7 Common Missing Tax Return Items
Want your tax return filed quickly and without error? Then double-check this list of items that are often overlooked. These missing items often cause delays in getting your tax return filed:
- Forms W-2 and 1099. Using last year’s tax return as a checklist, make sure all your W-2s and 1099s are received and applied to your tax return. Missing items will be caught by the IRS mismatch program. All these forms are required to be in the mail to you on or before Jan. 31. If you are missing a form, contact the company responsible for issuing them.
- Form 1095-A. If you have health insurance through the Health Insurance Marketplace, you will need this form to complete your taxes and potentially claim the Premium Tax Credit. The deadline for employers to distribute other versions of Form 1095 is March 4.
- Dependent information. If you add a new dependent in 2018, provide the name, Social Security number and birth date to have them added to your tax return. If you have a dependent that shares time with someone else, discuss the plan for who is going to claim them. Your tax return cannot be filed if there is conflict in this area.
- Cost/basis information. If you sold any assets (typically investments or real estate), you need to know the cost/basis amount to calculate your taxable capital gain. Check your investment statements to ensure that your broker includes the required information. Often times it’s hard to find on the Form 1099-B summary, but it might be listed later in the statement details.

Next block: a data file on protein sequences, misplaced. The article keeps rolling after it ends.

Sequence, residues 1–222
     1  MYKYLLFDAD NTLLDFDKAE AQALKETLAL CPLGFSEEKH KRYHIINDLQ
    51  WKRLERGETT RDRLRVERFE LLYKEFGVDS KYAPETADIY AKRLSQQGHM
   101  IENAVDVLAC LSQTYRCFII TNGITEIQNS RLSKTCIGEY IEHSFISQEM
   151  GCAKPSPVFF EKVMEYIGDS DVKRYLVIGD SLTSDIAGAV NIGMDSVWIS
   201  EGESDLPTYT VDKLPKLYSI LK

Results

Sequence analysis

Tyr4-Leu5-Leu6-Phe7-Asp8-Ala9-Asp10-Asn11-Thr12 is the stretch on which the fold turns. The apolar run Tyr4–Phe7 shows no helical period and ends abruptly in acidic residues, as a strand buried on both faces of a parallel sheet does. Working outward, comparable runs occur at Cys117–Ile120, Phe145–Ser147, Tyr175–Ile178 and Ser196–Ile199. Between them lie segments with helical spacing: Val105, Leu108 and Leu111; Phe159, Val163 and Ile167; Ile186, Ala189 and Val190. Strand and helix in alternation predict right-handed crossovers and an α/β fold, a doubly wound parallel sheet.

- Schedule K-1s. As an owner of a partnership or S-corporation, you will need to receive a Form K-1 that reports your share of the profit or loss from the business activity. Because of the new qualified business income deduction (QBID), businesses are required to report more information this year. When you receive your K-1, pay special attention to box 17 (codes V through Z) for S-corporations and box 20 (codes Z through AD) for partnerships. This is where QBID information is included. Without this, you cannot file your tax return.
- Forms or documents with no explanation. If you receive a tax form, but have no explanation for the form, questions will arise. For instance, if you receive a retirement account distribution form it may be deemed income. If it is part of a qualified rollover, no tax is due. An explanation is required to file your information correctly.
- Missing signatures. Both you and your spouse need to review and sign the e-file approval forms before the tax return can be filed. The sooner you review and approve your tax return, the sooner it can be filed.
By knowing these commonly missed pieces of information, hopefully your tax filing experience will be a smooth one.
Oh No! Your Tax Refund is Now a Bill
If you are anticipating a nice refund this year, it may be a good idea to prepare yourself for a possible letdown. Many taxpayers will receive a smaller-than-expected refund and might even owe taxes to be paid by April 15. If this happens to you, here are some of the likely reasons:
- Higher take-home pay. Look at last year’s W-2 and see how much was withheld for federal income tax. Now check this year’s W-2. If it is lower, you will need a corresponding reduction in your tax obligation to get the same refund as last year. The good news? You’ve had more of your income available to you throughout the year. The bad news? Paying less tax each pay period can result in a lower refund or tax due at tax filing time.
- Withholding tables are not always accurate. To help employers calculate the tax to withhold from each paycheck, the IRS revised withholding tax tables in February 2018 with a forecast of the impact of new tax legislation. While the IRS did its best to apply the tax law changes to the withholding tables, it did not correctly estimate every individual tax situation. Now, according to the U.S. Government Accountability Office (GAO), as many as 30 million taxpayers may not have had adequate withholdings for 2018.